Opera may not be the new rock and roll but a phalanx of brave companies with funky modern productions in a series of fringe theatres and pubs may soon ensure that no North London landlord will be able to hold his head up at the Licensed Victuallers Association without boasting of some Puccini served up with the pork scratchings. At the very least, ‘Troy Boy’ is represents a bold advance for the juggernaut of boutique opera currently barrelling across London.

Scoring cabaret-to-Radio 4 professional wit Kit Hesketh-Harvey as librettist and director gives this version of Offenbach’s La Belle Helene class and polish, and the quality’s evident in a stylish set by James Perkins dexterously assembled from a series of Cycladic white blocks, and the welcome indulgence of a six-piece orchestra.

What’s not so clear are the theatrical devices which transpose the scenes from Sparta to Surbiton to Faliraki, motivations aren’t always obvious from the recitative. Having Helen go to bed with her dreary suburban husband and dream herself on Olympus isn’t original, it featured in the Paris Chatelet production in 2001 with Felicity Lott, also modern dress and very comical.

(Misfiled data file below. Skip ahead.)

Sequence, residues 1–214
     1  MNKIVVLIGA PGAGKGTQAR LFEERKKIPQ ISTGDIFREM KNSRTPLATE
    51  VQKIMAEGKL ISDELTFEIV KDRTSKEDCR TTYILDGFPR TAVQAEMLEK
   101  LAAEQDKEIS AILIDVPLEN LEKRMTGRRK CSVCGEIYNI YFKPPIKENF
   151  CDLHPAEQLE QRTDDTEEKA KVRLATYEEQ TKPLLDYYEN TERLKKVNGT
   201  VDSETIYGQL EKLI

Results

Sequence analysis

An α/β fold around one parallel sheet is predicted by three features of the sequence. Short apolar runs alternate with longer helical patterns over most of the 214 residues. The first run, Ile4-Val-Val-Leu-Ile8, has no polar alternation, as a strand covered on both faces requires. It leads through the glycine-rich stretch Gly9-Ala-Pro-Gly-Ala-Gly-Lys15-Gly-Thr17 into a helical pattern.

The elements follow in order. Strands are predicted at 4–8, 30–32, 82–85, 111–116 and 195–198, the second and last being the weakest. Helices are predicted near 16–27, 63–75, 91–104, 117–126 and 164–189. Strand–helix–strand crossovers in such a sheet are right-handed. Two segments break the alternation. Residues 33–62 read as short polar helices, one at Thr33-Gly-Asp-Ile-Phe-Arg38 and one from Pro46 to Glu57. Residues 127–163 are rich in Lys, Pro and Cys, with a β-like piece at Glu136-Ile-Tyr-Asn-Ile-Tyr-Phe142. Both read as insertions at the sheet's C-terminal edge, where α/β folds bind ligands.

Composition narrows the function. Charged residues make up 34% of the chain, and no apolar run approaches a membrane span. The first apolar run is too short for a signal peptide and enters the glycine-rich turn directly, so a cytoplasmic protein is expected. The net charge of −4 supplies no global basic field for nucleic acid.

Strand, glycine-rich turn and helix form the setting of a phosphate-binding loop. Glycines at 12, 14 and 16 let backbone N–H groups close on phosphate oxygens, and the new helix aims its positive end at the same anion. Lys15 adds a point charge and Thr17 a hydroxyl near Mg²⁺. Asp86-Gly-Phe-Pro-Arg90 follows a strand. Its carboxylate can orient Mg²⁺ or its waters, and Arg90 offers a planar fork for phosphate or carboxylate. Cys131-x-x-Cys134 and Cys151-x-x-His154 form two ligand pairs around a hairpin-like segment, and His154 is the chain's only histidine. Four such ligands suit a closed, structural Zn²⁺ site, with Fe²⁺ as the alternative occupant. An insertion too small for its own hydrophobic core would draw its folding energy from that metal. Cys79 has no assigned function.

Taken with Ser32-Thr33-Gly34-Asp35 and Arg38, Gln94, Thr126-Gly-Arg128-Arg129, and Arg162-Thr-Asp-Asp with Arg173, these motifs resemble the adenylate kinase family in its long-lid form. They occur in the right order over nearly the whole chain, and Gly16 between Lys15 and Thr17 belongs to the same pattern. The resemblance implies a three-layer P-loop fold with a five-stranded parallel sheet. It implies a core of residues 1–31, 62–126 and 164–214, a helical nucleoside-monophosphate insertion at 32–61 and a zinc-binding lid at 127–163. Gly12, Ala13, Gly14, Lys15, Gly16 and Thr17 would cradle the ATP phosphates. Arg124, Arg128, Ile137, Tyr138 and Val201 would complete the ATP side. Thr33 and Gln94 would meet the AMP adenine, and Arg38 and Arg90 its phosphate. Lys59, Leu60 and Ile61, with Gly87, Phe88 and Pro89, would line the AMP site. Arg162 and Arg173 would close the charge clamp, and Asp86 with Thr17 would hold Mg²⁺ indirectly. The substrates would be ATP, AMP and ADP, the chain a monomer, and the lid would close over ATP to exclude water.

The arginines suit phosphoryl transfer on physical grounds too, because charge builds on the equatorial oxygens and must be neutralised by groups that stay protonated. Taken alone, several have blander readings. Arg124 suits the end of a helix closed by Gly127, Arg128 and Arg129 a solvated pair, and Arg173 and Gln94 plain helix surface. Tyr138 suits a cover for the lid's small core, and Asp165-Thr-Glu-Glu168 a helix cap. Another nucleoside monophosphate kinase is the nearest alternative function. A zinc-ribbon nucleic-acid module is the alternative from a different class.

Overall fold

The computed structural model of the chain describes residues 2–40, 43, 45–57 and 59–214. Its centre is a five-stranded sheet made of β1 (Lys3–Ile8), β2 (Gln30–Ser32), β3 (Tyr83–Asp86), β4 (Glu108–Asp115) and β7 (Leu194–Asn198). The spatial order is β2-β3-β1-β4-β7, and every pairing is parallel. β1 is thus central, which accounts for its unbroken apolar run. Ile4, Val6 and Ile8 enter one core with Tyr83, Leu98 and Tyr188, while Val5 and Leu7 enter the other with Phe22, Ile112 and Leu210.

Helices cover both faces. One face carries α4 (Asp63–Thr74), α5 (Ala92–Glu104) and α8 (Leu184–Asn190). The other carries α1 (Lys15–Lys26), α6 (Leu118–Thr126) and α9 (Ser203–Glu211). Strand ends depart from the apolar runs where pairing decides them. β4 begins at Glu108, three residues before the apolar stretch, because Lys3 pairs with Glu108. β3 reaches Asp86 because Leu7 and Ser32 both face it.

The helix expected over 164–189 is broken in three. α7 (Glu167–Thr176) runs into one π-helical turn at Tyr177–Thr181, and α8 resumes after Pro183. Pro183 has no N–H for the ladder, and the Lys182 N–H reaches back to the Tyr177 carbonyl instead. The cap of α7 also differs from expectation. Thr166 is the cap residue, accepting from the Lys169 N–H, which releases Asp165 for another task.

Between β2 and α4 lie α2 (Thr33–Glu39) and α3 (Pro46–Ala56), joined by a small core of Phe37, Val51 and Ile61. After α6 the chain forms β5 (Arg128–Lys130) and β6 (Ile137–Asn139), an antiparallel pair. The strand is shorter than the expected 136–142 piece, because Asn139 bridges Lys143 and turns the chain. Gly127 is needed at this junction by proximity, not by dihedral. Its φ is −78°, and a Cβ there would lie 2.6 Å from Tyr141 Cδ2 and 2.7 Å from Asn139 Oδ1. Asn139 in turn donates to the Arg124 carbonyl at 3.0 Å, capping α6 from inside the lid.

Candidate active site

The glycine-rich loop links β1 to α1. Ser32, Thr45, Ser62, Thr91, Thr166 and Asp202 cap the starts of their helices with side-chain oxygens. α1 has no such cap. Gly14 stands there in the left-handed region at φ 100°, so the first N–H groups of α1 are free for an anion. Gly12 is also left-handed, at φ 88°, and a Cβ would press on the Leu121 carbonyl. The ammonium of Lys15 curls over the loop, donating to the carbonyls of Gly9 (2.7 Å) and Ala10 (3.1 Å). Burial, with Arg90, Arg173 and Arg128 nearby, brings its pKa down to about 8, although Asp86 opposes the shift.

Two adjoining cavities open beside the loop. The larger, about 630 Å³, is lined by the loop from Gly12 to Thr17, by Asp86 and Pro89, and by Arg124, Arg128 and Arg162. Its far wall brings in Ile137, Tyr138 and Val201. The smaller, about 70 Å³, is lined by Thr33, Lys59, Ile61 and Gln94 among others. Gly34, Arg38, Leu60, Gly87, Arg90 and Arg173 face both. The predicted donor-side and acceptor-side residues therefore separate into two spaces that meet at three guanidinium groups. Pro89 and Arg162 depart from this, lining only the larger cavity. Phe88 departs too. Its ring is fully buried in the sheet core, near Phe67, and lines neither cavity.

This is part of the problem: it’s difficult to parody something which is already itself parodic – Offenbach was a contemporary of Gilbert and Sullivan and there are times in La Belle Helene when you could expect Agamemnon to chime in with a ‘here’s a how-de-do’. For me Troy Boy didn’t quite live up to its clever title since it’s neither a smartly updated grand opera, nor deconstructed into a musical in the style of Tony Britten’s pioneering work with Music Theatre London.

Trimming some of the arias and introducing more dialogue may re-shape the piece to make it even more understandable and it could lose thirty minutes without damage. Whilst appreciating Hesketh-Harvey’s cleverness, because it’s applied to a comparatively rarely-performed opera with no famous tunes used as television advertisements, it doesn’t have the accessibility it might achieve if the same techniques were overlaid on Butterfly or Carmen.

The singing is almost flawless, and again London is fortunate to have a pool of assured and well developed young voices from which to cast. Rosaling Coad certainly climbs the mountain as Helen, and I liked her poutingly spoilt characterization as well as the power and clarity in her voice. Her lover Paris is a testing role for a lyric tenor, which Christopher Diffey inhabits superbly with bright, vaulting, almost over-sung high notes and the ensemble is excellent and frequently underpinned by the warm and beautifully supported Bass of Marcin Gesla as Agamemnon.

It is amazing that work of this quality can be presented for a ticket price of £12. I hope the cast are getting paid, but it’s the best bargain in town.

Runs until 5th March

The Public ReviewsOriginally published on The Public Reviews.